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Low Carbon Fuel Standard Report - 2007

Designed to stimulate improvements in transportation-fuel technologies, this report is expected to become the foundation for similar initiatives.

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California trucks air conservation reduce emissions Governor Arnold Schwarzenegger commissioned the Low Carbon Fuel Standard Report in 2007 to explore how California, the country's most populous state could lower carbon emissions from fuels 10 percent by 2020.

Designed to stimulate improvements in transportation-fuel technologies, it is expected to become the foundation for similar initiatives. The standard could pertain to trucking, construction and farming vehicles. The report said there are opportunities for double benefits in this sector, such as when operators switch to electricity for freight handling or overnight truck use, which reduces emissions and air pollution.

The result is the Low Carbon Fuel Standard (LCFS), authored by Alex Farrell, director of Transportation Sustainability Research Center at the University of California at Berkeley, and Daniel Sperling, director of the Institute of Transportation Studies at University of California at Davis.

In June, the California Air Resources Board voted to begin working toward the 10 percent reduction goal, with the new standard taking effect by January of 2010.


The Low Carbon Fuel Standard (LCFS) can play a major role in reducing greenhouse gas emissions and stimulating improvements in transportation fuel technologies so that California can meet its climate policy goals.

In Part 1 of this study we evaluated the technical feasibility of achieving a 10 percent reduction in the carbon intensity (measured in gCO2e/MJ) of transportation fuels in California by 2020. We identified six scenarios based on a variety of different technologies that could meet or exceed this goal, and concluded that the goal was ambitious but attainable.

In Part 2, we examine many of the specific policy issues needed to achieve this ambitious target. Our recommendations are based on the best information we were able to gather in the time available, including consultation with many different stakeholders. The recommendations are intended to assist the California Air Resources Board, Energy Commission, and Public Utility Commission, as well as private organizations and individuals, in addressing the many complex issues involved in designing a low carbon fuel standard. Choices about specific policies and calculation of numeric values for use in regulation must, of course, be made by these regulatory agencies. The analysis we present here is only illustrative.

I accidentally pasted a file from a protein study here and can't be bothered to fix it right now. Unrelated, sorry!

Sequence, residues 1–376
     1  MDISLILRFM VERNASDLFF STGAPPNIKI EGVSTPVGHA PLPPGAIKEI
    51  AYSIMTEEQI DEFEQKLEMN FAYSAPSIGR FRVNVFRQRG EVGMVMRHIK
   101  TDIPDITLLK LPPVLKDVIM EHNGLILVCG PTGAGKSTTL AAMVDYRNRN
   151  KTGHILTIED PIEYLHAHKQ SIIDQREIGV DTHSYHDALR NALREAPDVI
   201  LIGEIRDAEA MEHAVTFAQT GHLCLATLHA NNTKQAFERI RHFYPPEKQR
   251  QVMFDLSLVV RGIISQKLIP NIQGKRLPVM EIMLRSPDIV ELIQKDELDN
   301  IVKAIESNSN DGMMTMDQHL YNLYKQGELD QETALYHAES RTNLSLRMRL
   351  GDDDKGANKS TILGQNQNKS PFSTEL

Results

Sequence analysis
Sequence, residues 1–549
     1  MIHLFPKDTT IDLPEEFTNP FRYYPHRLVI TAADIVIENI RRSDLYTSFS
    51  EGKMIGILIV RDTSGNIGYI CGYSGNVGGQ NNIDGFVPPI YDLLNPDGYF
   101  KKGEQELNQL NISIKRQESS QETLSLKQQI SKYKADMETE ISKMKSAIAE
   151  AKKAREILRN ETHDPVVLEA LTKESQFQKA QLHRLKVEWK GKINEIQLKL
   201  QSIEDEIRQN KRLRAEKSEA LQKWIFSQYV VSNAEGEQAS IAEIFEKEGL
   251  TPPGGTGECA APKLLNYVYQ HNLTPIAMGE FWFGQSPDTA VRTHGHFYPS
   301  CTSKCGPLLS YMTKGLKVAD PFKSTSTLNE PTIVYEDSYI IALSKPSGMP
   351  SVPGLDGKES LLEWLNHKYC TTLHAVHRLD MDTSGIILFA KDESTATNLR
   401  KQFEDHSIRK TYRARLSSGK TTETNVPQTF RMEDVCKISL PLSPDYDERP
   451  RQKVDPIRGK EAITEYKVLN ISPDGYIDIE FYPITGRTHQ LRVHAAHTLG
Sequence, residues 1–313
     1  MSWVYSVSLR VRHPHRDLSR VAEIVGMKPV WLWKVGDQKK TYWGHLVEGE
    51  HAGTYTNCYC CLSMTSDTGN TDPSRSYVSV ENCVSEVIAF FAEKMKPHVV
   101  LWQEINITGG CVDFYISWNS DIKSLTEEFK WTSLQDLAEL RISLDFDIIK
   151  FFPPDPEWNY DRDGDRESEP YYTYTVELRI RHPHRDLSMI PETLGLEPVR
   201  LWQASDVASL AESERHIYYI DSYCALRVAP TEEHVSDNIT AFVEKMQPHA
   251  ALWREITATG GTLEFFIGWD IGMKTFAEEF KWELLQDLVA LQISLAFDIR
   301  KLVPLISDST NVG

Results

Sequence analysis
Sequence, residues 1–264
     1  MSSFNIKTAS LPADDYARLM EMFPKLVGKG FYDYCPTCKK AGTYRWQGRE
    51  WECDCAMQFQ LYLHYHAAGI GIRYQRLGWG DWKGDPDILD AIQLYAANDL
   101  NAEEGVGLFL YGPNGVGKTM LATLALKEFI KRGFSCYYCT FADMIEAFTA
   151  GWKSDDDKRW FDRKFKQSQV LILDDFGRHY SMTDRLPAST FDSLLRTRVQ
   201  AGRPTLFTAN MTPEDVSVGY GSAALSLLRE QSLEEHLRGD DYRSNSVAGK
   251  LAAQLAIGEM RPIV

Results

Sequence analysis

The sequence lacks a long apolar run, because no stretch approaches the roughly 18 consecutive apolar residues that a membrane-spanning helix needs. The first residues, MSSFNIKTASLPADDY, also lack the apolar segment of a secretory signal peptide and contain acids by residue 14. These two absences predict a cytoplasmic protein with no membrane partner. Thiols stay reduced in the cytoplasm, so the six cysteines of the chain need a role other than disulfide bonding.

In the first part of their report, completed in May, the authors studied the technical feasibility of the 10 percent reduction goal. They concluded the goal was ambitious but attainable, identifying six scenarios using different technologies that could meet or exceed the goals.

"This new policy is hugely important, and has never been done before," Sperling said in a statement last week. "It will likely transform the energy industries. And the 10 percent reduction is just the beginning. We anticipate much greater reductions after 2020."

The researchers acknowledge that transforming the market will dictate major changes, new protocols and scrutiny to reduce transportation-related carbon emissions, which account for about 40 percent of all greenhouse gas emissions in the state.

Technological innovation is crucial to the success of the LCFS and to the achievement of California’s climate change goals. At the same time, imposing a new regulatory requirement will cause markets to shift (or rationalize) their existing production and sales so that improvements appear on paper to have been made, when in reality no significant change has occurred.

Farrell and Sperling suggest that modest benchmarks for reducing greenhouse gas intensity be set in early years to give the industry time to adapt, and for new technologies to be developed. Steeper requirements should be implemented in later years as innovations hit the market.

The authors recommend the standard encompass all gasoline and diesel refiners, blenders and importers would be subject to regulation. These providers would have to track and reduce the life-cycle global warming intensity of products. Blending biofuel into gasoline, buying low-carbon fuels and emissions credits, making refiners more efficient and running refineries with low-carbon energy sources all would contribute to reducing emissions.

Non-liquid fuel providers, such as electricity, natural gas and hydrogen, should be able to participate voluntarily, such as by selling emissions credits to petroleum providers. Mandatory participation should be considered if a large number of non-liquid fuel vehicles enter the market.

Specific recommendations included:

R1: Scope of the standard